As BioNews 763 reported recently, Advocate General Cruz Villalón has advised the Court of Justice of the European Union (CJEU) that human parthenotes are not 'human embryos'. The fact that he had to do so raises serious concerns about the ability of Europe's leading court to interpret bioethical legislation and challenges the authority of one of its most notorious cases.
International Stem Cell Corporation (ISCC) devised methods for provoking human eggs to divide into clusters of pluripotent stem cells, known as parthenotes, and methods for turning such cells into corneal cells. ISCC applied for UK patents to the methods and resulting materials, but was refused by the Comptroller General of Patents on the basis of the CJEU's notorious 2011 decision in Brüstle v Greenpeace. This held that, because '… any non-fertilised human ovum whose division and further development have been stimulated by parthenogenesis' is 'capable of commencing the process of development of a human being' it is a 'human embryo' for purposes of the Biotechnology Directive (Directive 98/44). As such, it is unpatentable for industrial or commercial purposes by Article 6.
The CJEU's logic rests on two legal and scientific pillars: first, that a parthenote is capable of commencing human development; second, that a capacity for such development is the determining feature of a 'human embryo' under Directive 98/44. Although Advocate General Cruz Villalón's Opinion in International Stem Cell Corporation v Comptroller General of Patents is confined to toppling the first pillar, it effectively undermines the second.
The question referred to the CJEU by the English High Court included a scientific statement, which I have underlined, that flatly contradicts pillar one:
Are unfertilised human ova whose division and further development have been stimulated by parthenogenesis, and which, in contrast to fertilised ova, contain only pluripotent cells and are incapable of developing into human beings included in the term "human embryos" in Article 6(2)(c) of Directive 98/44/EC1 on the Legal Protection of Biotechnological Inventions?
Advocate General Cruz Villalón answers that, no, human parthenotes should not be included in the term and should not, therefore, be precluded from patent protection in the EU on that basis. He adds some interesting downstream detail of no relevance to the case (that the Directive permits individual Member States to exercise their moral whim to prohibit patenting and that parthenotes could yet become 'human embryos' if genetic manipulation rendered them capable of human development), but these are distractions. The stark fact is that the CJEU's legal advisor is saying it based its ruling on bunk and advising it to reconsider. So how did the CJEU make such a mistake? Is it an isolated incident? Could it happen again?
Where did it all go so wrong?
On the face of it, the answer is provided by the CJEU's statement in Brüstle that, although CNR organisms (think Dolly) and parthenotes 'have not, strictly speaking, been the object of fertilisation, due to the effect of the technique used to obtain them they are, as apparent from the written observations presented to the Court, capable of commencing the process of development of a human being, just as an embryo created by fertilisation of an ovum can do so'. On the basis of the same 'written observations', the Court also held that parthenotes are a source of totipotent cells (cells that are capable of developing, in principle, into a baby).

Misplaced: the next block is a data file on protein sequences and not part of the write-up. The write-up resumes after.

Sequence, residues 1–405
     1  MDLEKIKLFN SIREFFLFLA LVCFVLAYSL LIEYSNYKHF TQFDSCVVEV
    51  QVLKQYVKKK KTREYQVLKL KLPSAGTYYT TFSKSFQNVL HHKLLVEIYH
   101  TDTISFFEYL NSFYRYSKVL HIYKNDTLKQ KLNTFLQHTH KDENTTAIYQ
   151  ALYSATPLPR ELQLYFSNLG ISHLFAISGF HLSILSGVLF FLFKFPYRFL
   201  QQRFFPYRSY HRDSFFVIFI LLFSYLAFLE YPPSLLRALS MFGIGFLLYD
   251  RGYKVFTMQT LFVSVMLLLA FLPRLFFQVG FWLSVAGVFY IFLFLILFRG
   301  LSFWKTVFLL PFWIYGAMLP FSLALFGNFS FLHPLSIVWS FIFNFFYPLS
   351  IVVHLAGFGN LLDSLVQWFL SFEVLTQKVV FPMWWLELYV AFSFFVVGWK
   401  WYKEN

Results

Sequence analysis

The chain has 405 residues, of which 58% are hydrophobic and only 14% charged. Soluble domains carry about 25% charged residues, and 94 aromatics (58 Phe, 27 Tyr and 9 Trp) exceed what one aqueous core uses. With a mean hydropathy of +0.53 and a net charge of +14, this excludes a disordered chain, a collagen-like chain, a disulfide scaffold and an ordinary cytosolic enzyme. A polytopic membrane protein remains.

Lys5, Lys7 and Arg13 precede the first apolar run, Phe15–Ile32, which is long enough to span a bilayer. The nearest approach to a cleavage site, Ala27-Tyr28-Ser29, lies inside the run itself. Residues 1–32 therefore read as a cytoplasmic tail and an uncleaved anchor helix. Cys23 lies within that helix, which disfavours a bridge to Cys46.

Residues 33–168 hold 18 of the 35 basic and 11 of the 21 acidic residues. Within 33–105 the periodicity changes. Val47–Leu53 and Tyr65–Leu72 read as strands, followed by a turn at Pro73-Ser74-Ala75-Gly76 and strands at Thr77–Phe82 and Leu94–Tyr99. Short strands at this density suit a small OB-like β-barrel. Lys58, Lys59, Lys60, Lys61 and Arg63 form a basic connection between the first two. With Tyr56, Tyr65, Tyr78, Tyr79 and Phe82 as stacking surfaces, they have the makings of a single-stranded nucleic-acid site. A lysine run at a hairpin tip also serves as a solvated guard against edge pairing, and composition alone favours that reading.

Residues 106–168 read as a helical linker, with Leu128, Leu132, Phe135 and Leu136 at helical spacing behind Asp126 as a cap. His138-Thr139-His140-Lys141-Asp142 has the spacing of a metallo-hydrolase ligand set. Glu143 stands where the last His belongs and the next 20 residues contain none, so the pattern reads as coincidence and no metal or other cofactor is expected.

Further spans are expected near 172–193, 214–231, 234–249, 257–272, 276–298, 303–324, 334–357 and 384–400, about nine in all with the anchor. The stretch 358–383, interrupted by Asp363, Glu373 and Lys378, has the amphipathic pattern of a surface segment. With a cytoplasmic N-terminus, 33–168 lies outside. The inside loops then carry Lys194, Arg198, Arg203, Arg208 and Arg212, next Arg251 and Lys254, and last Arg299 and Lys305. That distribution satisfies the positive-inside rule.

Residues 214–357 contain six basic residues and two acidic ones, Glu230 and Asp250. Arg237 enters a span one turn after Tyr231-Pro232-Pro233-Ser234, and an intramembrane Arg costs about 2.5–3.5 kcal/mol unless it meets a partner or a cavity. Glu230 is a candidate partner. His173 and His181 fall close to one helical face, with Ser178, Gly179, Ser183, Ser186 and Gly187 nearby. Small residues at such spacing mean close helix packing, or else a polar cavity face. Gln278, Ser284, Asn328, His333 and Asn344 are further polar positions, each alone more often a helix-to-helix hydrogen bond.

The Advocate General with responsibility for examining the Brüstle evidence, Yves Bot, had assured the Court that a parthenote was 'capable of commencing the process of development of a human being' on the basis of technical information provided to him. Yet, as Advocate General Villalón's ISCC Opinion tartly remarks, 'Had the [Brüstle] Court been aware of the fundamental difference between parthenotes and non-fertilised ova subjected to somatic-cell nuclear transfer and nevertheless wanted to establish a functional equivalence between the two, it would certainly have discussed this difference'.
Over and over again, the Opinion points to the CJEU's poor scientific grasp in Brüstle, citing observations by the French, Swedish and UK governments, the European Commission and ISCC. The Commission diplomatically suggested that the written submissions had 'proved erroneous in the light of scientific developments', as if such developments had taken place after the Brüstle case. They hadn't: Azim Surani's famous imprinting experiments dated from the mid-1980s. At the end of the day, the CJEU had been misled.
It was hardly the only scientific gaffe in Brüstle. Although M. Bot's Opinion correctly emphasised that a 'human embryo' required a body (an incident of Article 5 of Directive 98/44) and the point of bodily formation is understood in microbiological detail (it's not conception) he glossed this, without any scientific or legal foundation whatever, as 'the capacity to develop into a complete human being'. So, in wrapping up ISCC, the CJEU will doubtless agree with Advocate General Villalón that the fundamental test of a 'human embryo' is its 'inherent capacity of developing into a human being', but squirm in the knowledge that even this is founded on bunk.